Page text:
Safeguarding Your Loading Dock
No matter how thoroughly you follow OSHA’s safety training requirements, or how diligently you supplement safety requirements with in-house training and programs, there are still likely to be gaps in your company’s loading dock safety efforts. Andy Brousseau, manager of warehouse safety for third-party logistics services provider APL Logistics, offers the following recommendations for efficiently shaping safety training plans.
1. Offer additional forklift safety training. Consider making full forklift operator safety training an annual tradition. In addition, review forklift safety topics during shorter training sessions held throughout the year.
2. Require seatbelts. Insist drivers wear seatbelts every time they get behind the forklift wheel. Just as important, make the penalties for not complying with this requirement so stringent that drivers will think twice before ignoring it.
3. Address forklift safety issues. Monitor as many aspects of operators’ equipment driving records as you can. This helps determine which operators need additional coaching or stronger supervision to address potentially risky habits or issues before they turn into serious accidents.
4. Prepare for spills. Small spills or leaks can lead to major slips. If something spills or leaks on your loading dock or trailers, get it cleaned and dried immediately—even if you have to interrupt loading activities. If you’re unable to address the spill immediately, mark off the area and put up warning cones or signs.
5. Keep truck drivers contained. Creating an official waiting area where drivers can relax and stay out of the way while their trailers are being loaded or unloaded can go a long way toward minimizing risk, especially if that waiting area is the only place drivers are allowed to be.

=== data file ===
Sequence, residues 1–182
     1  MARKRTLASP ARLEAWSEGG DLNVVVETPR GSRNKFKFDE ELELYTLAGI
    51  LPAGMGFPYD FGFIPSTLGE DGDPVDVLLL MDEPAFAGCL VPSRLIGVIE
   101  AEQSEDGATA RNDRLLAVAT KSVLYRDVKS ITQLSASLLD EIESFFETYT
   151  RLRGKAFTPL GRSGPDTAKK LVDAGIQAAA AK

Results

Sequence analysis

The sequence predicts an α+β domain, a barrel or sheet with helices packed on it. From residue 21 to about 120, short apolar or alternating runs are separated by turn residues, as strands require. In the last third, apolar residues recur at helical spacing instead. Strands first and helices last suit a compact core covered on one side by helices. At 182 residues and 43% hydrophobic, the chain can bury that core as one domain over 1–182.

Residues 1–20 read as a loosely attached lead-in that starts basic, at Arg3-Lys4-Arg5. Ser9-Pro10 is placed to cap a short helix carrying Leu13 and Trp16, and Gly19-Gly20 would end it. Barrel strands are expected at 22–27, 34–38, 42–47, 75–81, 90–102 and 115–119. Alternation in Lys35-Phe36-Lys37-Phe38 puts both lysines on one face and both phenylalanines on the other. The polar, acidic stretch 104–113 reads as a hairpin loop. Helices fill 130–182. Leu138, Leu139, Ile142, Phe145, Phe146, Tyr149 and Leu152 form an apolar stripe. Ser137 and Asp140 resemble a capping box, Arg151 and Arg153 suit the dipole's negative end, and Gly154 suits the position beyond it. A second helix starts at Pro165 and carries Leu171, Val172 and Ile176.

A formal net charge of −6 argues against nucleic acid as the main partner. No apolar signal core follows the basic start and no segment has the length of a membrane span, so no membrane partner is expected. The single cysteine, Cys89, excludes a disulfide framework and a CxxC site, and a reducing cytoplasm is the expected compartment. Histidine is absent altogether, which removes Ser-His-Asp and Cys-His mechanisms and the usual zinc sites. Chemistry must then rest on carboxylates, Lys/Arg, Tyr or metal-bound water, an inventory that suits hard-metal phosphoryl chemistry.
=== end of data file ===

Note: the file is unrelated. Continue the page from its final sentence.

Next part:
6. Hold on to drivers’ keys. Request drivers hand over their keys while they’re at your facility so they can’t operate their vehicles until your dock and yard personnel give them the all-clear. This removes the possibility of drivers unlocking a dock door while it’s still in use.
7. Provide non-operators with safety training. Make sure all employees are educated on forklift safety, especially as it pertains to how heavy the vehicles are and which factors affect their load stability. Also, ensure pedestrian loading dock employees understand that they need to be vigilant.
8. Avoid ergonomic injuries. Activities such as unloading trucks with non-palletized cargo can create strain on the neck, shoulder, or back and can cause serious pain. Consider adding an ergonomic awareness component, such as safe lifting training and stressing the importance of task rotation, to your company’s loading dock safety program.
9. Create awareness of falling freight. Freight securement methods occasionally fail and when they do, frequently the person unloading a tractor-trailer takes the hit. In fact, falling freight is one reason to require that your loading dock personnel wear protective clothing such as hard hats and steel-toed boots any time they’re on the job. Consider implementing policies such as having employees open just one truck door at a time when trucks arrive, and to stand behind it when they do.
10. Ensure safety in the yard. Pedestrians who work in your truck yard should wear high-visibility colors, avoid trucks’ blind spots, and refrain from using cellphones or headphones while they’re working outside. Other useful practices include yard cleaning only during daylight hours and working in two-person teams during busy periods.